The Impact of a 6 Week Walking Intervention on an Obese Population in Relation to Walking Distance, Waist to Height Ratio and Body Mass Index

Mills, Claire ORCID: 0000-0003-4156-4593 and Wellington, Harry (2020) The Impact of a 6 Week Walking Intervention on an Obese Population in Relation to Walking Distance, Waist to Height Ratio and Body Mass Index. Advances in Obesity, Weight Management & Control, 10 (6). pp. 181-189.

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Abstract

Introduction: Obesity is a health condition, often resulting from an imbalance between physical activity and calorie intake and while invasive and intense interventions may be necessary for some obese individuals (OI), changes in activity and lifestyle over long periods of time are arguably the safest, most sustainable solution. High Intensity Interval Training (HIIT) has been widely observed to increase rapid fat oxidation in obese populations (OPs), it conversely increases health risks for OIs who often have limited cardiovascular fitness, increased joint loading and high blood pressure. However, submaximal aerobic exercise, such as walking, can be used as an initial intervention for OI who lead sedentary lifestyles, to reduce weight and increase aerobic capacity in an arguably safer way. Therefore, the aim of this study was to investigate the effect that a submaximal walking intervention has on anthropometric measures in an OP. Methods: The experiment had a within-group, longitudinal design with repeated measures on n = 6 participants aged 34-54 (M=50.3, SD=8.02, 66.7% female) who walked 30 minutes daily over a 6-week period. All participants were classified as obese at week one of the intervention period, and as such were required to have a body mass index (BMI) >30 and a waist to height ratio (WHR) of >0.58 or >0.54 for men and women, respectively. Anthropometric measurements recorded at weekly intervals throughout the intervention included BMI, WHR, Waist Circumference (WC) and body mass (BM). Results: A non-parametric Friedman Test was carried out using SPSS and a statistically significant difference in BM, BMI, WHR, WC was observed before and after the intervention (P<0.001). Post Hoc analyses using a Paired Samples t-Test confirmed the statistically significant effect of 30 minutes of daily walking on all measures over the 6-week period (p<0.05). Conclusion: Results found the prescribed 6-week walking intervention caused a significant reduction in BM, BMI, WHR and WC and an overall increase of distance walked by participants. Moreover, can be concluded that submaximal exercise can benefit OIs by reducing all areas explored whilst keeping the risk of a health implication to a lower level than HIIT.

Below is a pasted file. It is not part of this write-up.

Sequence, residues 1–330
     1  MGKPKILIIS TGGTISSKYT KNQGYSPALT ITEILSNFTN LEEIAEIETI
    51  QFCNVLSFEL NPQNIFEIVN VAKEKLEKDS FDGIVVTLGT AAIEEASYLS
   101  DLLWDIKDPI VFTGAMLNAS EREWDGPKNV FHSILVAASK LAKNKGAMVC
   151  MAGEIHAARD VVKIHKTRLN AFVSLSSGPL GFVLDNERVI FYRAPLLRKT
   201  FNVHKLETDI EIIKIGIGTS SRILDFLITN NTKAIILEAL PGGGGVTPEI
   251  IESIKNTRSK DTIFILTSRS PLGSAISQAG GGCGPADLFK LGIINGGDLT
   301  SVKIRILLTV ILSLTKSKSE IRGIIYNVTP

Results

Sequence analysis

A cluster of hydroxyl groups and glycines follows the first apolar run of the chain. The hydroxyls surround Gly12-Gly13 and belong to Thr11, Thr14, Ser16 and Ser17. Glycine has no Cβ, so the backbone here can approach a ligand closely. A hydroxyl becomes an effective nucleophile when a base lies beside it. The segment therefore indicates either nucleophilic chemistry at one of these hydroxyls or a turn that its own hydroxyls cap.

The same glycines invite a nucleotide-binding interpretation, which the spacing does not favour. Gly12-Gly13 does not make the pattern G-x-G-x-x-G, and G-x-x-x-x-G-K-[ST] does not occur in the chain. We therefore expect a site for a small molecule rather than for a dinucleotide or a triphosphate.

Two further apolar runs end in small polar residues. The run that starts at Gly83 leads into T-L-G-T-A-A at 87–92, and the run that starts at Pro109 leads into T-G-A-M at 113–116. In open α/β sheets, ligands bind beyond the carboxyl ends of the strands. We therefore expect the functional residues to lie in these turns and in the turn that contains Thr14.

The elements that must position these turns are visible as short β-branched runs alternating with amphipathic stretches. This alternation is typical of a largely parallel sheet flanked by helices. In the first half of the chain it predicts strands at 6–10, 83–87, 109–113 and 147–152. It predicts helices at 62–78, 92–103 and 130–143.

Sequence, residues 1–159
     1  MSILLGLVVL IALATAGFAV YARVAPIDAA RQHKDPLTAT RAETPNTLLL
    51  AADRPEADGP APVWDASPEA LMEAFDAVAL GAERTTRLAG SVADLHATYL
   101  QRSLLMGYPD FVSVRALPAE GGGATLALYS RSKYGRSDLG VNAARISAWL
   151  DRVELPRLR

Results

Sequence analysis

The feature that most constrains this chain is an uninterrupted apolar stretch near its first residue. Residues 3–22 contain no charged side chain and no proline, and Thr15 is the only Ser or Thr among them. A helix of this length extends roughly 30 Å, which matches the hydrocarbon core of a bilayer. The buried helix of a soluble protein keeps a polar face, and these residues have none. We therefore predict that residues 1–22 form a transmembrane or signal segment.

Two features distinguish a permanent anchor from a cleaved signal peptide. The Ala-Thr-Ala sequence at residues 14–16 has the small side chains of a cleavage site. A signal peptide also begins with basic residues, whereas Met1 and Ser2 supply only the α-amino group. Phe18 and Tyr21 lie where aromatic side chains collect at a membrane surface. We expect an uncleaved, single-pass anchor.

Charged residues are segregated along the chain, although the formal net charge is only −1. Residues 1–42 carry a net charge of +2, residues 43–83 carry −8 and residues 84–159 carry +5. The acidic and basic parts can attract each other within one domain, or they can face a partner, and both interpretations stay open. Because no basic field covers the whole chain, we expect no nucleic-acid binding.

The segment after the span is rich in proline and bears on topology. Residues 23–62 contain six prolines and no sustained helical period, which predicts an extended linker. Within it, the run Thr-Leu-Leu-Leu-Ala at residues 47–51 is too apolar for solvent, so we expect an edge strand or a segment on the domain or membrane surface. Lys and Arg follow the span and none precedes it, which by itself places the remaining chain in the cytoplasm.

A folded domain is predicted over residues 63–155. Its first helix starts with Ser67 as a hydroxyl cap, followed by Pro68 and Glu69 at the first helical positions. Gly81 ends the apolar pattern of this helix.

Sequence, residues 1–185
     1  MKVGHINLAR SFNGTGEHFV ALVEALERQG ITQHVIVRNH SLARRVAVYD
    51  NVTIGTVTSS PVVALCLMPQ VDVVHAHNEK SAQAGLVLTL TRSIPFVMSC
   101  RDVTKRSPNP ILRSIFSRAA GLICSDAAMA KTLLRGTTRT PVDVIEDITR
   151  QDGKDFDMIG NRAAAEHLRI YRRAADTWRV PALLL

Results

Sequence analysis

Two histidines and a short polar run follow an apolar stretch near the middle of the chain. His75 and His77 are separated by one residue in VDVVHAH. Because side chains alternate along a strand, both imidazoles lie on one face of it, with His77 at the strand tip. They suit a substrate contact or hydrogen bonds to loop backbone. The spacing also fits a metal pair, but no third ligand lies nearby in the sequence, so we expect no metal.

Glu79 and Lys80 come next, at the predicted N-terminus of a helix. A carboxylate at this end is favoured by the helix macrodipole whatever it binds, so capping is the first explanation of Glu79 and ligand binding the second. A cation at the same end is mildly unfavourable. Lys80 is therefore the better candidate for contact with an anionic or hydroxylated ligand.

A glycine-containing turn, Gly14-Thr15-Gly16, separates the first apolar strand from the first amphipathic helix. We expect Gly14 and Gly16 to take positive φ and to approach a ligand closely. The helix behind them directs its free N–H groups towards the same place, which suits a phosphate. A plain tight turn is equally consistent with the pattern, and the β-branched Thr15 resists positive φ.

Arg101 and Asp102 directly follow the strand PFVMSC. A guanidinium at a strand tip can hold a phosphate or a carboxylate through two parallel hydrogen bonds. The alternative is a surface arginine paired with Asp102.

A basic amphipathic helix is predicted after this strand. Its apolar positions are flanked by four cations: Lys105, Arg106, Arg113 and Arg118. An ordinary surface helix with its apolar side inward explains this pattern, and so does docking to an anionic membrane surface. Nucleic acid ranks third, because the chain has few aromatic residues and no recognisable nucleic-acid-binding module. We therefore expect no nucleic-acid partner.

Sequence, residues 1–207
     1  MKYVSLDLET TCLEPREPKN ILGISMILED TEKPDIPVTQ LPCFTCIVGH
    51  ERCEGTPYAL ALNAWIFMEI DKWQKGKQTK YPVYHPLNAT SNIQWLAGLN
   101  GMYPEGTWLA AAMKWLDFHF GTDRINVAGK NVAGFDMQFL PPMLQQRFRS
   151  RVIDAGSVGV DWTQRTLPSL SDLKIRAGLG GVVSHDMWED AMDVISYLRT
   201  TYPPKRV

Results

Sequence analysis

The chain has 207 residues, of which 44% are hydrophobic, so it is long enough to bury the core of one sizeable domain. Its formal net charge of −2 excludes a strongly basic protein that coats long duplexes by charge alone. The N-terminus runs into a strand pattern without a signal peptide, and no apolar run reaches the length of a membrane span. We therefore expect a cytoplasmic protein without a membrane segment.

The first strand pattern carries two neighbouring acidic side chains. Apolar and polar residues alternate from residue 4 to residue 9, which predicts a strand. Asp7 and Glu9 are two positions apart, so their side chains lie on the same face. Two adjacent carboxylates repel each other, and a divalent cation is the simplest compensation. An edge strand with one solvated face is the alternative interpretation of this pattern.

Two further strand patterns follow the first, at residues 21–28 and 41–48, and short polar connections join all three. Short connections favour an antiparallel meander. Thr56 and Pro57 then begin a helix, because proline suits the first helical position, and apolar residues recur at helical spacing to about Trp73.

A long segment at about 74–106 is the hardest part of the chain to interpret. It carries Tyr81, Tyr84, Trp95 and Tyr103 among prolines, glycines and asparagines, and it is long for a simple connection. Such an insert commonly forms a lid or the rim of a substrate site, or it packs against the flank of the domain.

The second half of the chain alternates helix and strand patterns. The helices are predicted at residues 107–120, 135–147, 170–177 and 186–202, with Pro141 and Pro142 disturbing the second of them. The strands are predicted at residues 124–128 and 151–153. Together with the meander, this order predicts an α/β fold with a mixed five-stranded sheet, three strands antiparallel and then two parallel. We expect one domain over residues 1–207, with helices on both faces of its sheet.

Item Type: Article
Article Type: Article
Uncontrolled Keywords: Obesity; Intervention; Walking; Body mass index; Waist to height ratio
Subjects: Q Science > QP Physiology
Q Science > QP Physiology > QP301.H75 Physiology. Sport
R Medicine > RA Public aspects of medicine > RA0421 Public health. Hygiene. Preventive Medicine > RA645.O23 Body mass. Adult obesity
Divisions: Schools and Research Institutes > School of Sport and Exercise
Research Priority Areas: Sport, Exercise, Health & Wellbeing
Depositing User: Claire Mills
Date Deposited: 17 Dec 2020 10:12
Last Modified: 17 Dec 2020 10:53
URI: http://eprints.glos.ac.uk/id/eprint/8998

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